As is with most things in life, spending time offline just takes getting used to, and I know a thing or two about getting used to: Getting used to a new country, a new language, a new city, a new life. People get used to war, peace, high gas prices— it’s all kind of the same in a way. It’s just easier to get used to when getting used to is the only option, much harder when you have choices.
August 6, I spent a full day offline. No phone, no internet, no TV, no nothing. It was Global Day of Unplugging and it was much easier this time around: I am getting used to being offline. In a way, it has become my normal. I have removed a lot of the choices I used to have: I’m not on social media, I have tricked myself into finding the internet a boring waste of time, an endless noise, and fwer and fewer things truly grab my attention online these days. The internet is my absolute last resort of escape. So I knew the hardest part of spending a whole day offline would be facing the rush of emotions that plague a mind so often used to constant, high-speed, infinite escape. That’s what happened around 10:00am. ‘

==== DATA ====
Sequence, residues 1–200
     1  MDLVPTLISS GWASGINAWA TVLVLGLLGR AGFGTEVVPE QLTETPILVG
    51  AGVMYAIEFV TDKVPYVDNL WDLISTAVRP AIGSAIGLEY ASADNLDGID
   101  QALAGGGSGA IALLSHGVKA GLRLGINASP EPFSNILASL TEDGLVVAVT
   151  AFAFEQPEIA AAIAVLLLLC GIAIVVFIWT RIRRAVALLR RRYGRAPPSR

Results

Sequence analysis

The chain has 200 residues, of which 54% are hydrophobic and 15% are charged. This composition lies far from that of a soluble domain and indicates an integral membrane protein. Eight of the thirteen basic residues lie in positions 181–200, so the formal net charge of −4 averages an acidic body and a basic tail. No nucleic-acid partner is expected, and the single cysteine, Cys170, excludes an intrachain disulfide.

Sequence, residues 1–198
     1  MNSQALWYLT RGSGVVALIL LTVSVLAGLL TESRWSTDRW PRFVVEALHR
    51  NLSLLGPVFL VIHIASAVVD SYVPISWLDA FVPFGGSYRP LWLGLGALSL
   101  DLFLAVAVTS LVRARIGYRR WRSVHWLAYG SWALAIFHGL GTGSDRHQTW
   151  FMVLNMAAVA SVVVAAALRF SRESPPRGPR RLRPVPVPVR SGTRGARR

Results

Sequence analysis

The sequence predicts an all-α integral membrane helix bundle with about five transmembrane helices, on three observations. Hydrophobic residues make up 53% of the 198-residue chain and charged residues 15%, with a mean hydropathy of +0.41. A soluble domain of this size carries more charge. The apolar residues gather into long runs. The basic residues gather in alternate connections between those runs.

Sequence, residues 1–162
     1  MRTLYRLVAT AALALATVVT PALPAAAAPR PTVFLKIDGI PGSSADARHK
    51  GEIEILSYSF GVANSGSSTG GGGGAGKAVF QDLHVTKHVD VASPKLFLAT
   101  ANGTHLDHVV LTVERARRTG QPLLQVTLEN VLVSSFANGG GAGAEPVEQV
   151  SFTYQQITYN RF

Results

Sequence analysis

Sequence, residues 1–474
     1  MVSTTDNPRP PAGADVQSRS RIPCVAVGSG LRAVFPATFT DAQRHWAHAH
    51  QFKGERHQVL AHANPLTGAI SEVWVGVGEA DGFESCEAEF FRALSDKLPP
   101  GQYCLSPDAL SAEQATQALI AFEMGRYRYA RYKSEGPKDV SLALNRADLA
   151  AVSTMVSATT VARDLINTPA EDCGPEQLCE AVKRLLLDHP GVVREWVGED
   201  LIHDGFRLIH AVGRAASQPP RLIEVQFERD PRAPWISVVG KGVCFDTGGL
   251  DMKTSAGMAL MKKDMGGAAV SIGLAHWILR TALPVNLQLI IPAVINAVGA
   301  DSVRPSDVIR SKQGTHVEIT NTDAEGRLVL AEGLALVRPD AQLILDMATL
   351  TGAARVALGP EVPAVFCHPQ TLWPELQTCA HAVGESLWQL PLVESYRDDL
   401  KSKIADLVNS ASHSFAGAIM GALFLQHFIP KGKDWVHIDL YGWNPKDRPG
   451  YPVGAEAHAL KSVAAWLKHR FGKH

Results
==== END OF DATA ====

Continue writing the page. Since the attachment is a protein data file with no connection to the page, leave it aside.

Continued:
I started the day how I usually start my day, with coffee, a book, and journaling outside. I was reading the Dilbert Principle, a laugh-out-loud comedy-horror look at corporate America and its glorious lunacy, a page turner. Usually, I would also check texts, emails, YouTube, and other digital content in-between making coffee or going from reading to journaling. This time, I didn’t have what Nicholas Carr calls Net fixes in The Shallows: What the Internet Is Doing to Our Brains: A pacifier for the anxieties of modern living. Once I was done with my morning routine, and despite my best effort to get on with the daily tasks as planned, and with self-imposed cruelty because you know I could just go online and distract myself to feel better, I faced my emotions; first on the bed staring at the ceiling, and when that wasn’t dramatic enough, sprawled out on the floor. Real, raw, genuine; empty, emptying.